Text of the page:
Fluent Forever, Gabriel Wyner [4]. This one is my current read. Goes back to Moonwalking with Einstein. While the book is itself about language acquisition, it's actually given me quite a bit to think about with respect to general learning and memory acquisition (in this case, specifically for long term retention and recall). We have a couple training programs (we need more) for our new hires on development and testing. There are some concepts in here and in related readings that I think would greatly improve how we teach these folks what they need to know and in a way that would improve their retention of that information. We have a lot of people retiring in the next 1-3 years, so this is actually quite critical right now, though management is quite lackadaisical about it.

[0] https://www.amazon.com/Mythical-Man-Month-Software-Engineeri...

[1] https://www.amazon.com/Getting-Things-Done-Stress-Free-Produ...

[2] http://usingcsp.com/cspbook.pdf

[3] https://www.amazon.com/Moonwalking-Einstein-Science-Remember...

[4] https://www.amazon.com/Fluent-Forever-Learn-Language-Forget/...

=========================================

EDITS:

The Toyota Way, Jeffrey Liker [5]. I grokked Lean from this. Hardware focused, but the concepts can be (and have been) generalized to other process focused fields. This has helped with understanding what business processes really need to be codified, what feedback mechanisms need to be present for improvement, the criticality of bottom-up feedback and improvement (employee investment in the company/product cannot be overvalued if you want quality and good craftsmanship).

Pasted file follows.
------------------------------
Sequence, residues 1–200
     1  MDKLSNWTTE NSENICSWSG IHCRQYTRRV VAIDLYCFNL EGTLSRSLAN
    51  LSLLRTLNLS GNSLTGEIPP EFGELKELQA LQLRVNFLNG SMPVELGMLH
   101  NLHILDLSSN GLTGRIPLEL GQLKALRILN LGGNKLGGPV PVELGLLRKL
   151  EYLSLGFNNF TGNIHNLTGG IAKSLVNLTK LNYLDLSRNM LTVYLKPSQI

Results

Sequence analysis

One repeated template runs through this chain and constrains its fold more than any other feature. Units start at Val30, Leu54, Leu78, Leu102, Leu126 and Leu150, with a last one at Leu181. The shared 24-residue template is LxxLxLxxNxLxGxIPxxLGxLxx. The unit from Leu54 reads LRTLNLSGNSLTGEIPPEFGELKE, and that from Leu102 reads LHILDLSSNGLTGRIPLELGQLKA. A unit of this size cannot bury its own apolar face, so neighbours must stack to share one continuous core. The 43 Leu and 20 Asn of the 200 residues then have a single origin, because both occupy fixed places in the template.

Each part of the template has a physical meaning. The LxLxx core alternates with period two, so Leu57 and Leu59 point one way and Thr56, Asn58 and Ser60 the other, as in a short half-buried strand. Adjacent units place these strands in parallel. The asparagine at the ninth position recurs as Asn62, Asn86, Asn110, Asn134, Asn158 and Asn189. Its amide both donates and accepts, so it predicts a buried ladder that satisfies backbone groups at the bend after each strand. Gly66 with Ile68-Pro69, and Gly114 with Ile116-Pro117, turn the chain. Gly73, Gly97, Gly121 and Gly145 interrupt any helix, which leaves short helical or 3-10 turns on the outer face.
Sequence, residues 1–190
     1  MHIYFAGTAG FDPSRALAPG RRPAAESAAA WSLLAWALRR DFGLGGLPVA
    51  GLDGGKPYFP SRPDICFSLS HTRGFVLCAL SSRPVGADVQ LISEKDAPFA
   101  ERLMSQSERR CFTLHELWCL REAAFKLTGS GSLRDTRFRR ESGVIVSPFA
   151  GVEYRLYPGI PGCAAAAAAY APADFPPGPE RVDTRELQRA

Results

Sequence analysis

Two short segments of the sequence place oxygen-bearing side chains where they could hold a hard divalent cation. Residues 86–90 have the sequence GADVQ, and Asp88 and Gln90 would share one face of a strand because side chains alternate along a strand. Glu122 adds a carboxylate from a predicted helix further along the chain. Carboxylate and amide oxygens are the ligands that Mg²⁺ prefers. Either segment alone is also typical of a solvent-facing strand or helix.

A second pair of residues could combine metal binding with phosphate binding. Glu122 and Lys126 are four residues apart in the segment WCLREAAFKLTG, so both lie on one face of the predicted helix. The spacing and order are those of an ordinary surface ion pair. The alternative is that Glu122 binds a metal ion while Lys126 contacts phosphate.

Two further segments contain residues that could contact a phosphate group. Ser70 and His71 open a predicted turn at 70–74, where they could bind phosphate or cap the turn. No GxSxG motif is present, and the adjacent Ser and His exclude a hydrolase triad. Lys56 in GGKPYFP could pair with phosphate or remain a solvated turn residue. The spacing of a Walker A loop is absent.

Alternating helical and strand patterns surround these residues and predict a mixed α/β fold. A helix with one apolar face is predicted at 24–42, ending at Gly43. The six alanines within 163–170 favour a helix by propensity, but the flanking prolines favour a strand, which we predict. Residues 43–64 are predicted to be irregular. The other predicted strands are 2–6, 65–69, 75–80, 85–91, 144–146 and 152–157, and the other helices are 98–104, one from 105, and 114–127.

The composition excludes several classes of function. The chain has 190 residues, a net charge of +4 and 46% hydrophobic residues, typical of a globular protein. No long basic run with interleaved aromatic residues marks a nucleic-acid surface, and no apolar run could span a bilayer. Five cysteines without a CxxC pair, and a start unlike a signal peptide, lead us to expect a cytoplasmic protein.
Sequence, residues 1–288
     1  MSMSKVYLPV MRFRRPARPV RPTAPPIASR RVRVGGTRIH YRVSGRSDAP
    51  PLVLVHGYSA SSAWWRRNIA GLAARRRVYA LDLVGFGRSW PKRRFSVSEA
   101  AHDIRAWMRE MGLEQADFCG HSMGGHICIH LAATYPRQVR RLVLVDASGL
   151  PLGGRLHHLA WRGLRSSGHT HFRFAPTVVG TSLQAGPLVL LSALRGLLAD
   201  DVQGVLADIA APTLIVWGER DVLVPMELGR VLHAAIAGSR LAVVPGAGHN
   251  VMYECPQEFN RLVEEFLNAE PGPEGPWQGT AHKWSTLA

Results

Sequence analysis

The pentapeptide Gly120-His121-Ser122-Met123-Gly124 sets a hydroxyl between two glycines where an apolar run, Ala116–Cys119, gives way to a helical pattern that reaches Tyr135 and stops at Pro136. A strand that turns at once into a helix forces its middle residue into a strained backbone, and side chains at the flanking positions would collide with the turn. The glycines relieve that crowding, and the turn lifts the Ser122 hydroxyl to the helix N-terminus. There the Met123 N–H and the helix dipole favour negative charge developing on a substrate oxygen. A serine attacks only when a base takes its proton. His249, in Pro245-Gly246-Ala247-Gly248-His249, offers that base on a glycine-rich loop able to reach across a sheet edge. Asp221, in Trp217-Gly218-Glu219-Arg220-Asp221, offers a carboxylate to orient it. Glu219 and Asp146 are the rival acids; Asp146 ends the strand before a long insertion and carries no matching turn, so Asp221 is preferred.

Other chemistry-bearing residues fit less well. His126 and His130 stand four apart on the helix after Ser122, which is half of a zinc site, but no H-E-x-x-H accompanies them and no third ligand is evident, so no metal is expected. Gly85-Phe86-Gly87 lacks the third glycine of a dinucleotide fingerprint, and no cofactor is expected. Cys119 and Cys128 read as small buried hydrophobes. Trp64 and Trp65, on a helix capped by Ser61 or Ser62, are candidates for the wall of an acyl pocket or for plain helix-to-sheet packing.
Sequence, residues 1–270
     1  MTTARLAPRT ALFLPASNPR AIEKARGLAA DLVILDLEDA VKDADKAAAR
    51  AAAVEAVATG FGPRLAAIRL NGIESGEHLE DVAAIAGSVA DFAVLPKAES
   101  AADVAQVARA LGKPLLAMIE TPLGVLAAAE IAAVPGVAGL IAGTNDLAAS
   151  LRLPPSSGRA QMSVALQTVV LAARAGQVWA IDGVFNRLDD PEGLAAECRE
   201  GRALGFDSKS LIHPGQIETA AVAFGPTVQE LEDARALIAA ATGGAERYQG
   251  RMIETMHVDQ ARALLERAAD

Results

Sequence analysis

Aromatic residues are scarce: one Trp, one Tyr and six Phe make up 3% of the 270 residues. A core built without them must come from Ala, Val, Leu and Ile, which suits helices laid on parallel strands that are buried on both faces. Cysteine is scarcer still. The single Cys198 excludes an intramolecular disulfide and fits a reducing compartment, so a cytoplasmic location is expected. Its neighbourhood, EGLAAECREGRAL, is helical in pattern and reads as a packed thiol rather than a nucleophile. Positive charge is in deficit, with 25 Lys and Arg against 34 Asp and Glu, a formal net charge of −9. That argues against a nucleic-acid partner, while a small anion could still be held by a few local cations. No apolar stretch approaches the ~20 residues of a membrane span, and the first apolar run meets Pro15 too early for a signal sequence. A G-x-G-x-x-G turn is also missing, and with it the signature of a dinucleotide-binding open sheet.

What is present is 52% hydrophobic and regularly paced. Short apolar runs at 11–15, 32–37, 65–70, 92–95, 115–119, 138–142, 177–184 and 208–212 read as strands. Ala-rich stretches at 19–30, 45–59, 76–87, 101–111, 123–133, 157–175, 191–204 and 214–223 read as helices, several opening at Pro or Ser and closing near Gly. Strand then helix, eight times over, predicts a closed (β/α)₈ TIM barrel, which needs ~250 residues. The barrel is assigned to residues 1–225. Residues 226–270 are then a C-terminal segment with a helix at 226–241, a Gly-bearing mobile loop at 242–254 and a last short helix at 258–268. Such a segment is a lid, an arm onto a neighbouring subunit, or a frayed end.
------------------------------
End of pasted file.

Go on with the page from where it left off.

The Little Schemer, Friedman & Felleisen [6]. Going back to the comments on Fluent Forever. The structure of this is fantastic for conveying and helping students retain information. The Socratic method is very useful, and structuring courses and introductory material in this format is useful, this happened to be my introduction to it (well, I'd heard it before, but my first time really encountering it in practice). It's a useful tool for solo-study of a topic (pose your own questions and construct answers), and as a method of guiding someone to a conclusion or better understanding. Also useful in debugging software or decoding software you didn't write, after a fashion.

[5] https://www.amazon.com/Toyota-Way-Management-Principles-Manu...

[6] https://mitpress.mit.edu/books/little-schemer

angersock · 2016-10-31 · Original thread
Or The Mythical Man Month ( https://www.amazon.com/Mythical-Man-Month-Software-Engineeri... )

Honestly I'm kinda surprised that didn't come up sooner...but only half-surprised.

GFischer · 2016-03-16 · Original thread
I second that observation. I wish the manager at my day job read ANYTHING, at the very least some informercial-laden industry publication.

In my case, I'd like him to read Fred Brooks' "The Mythical Man-Month", to make him understand how a programming system costs a lot more than a simple module.

Summary: http://javatroopers.com/Mythical_Man_Month.html

In second place, I'd place "Peopleware", so he'd understand the importance of communications, and how the current office arrangement is losing the company a lot of money:

Summary: http://javatroopers.com/Peopleware.html

Amazon link to both:

http://www.amazon.com/The-Mythical-Man-Month-Engineering-Ann...

http://www.amazon.com/Peopleware-Productive-Projects-Second-...